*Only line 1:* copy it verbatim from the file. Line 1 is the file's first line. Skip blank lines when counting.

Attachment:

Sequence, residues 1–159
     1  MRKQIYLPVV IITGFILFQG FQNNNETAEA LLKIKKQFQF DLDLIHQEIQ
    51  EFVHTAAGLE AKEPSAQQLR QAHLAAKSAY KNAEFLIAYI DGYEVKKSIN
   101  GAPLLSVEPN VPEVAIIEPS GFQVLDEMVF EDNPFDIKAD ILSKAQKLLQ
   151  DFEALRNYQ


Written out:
Sequence, residues 1–159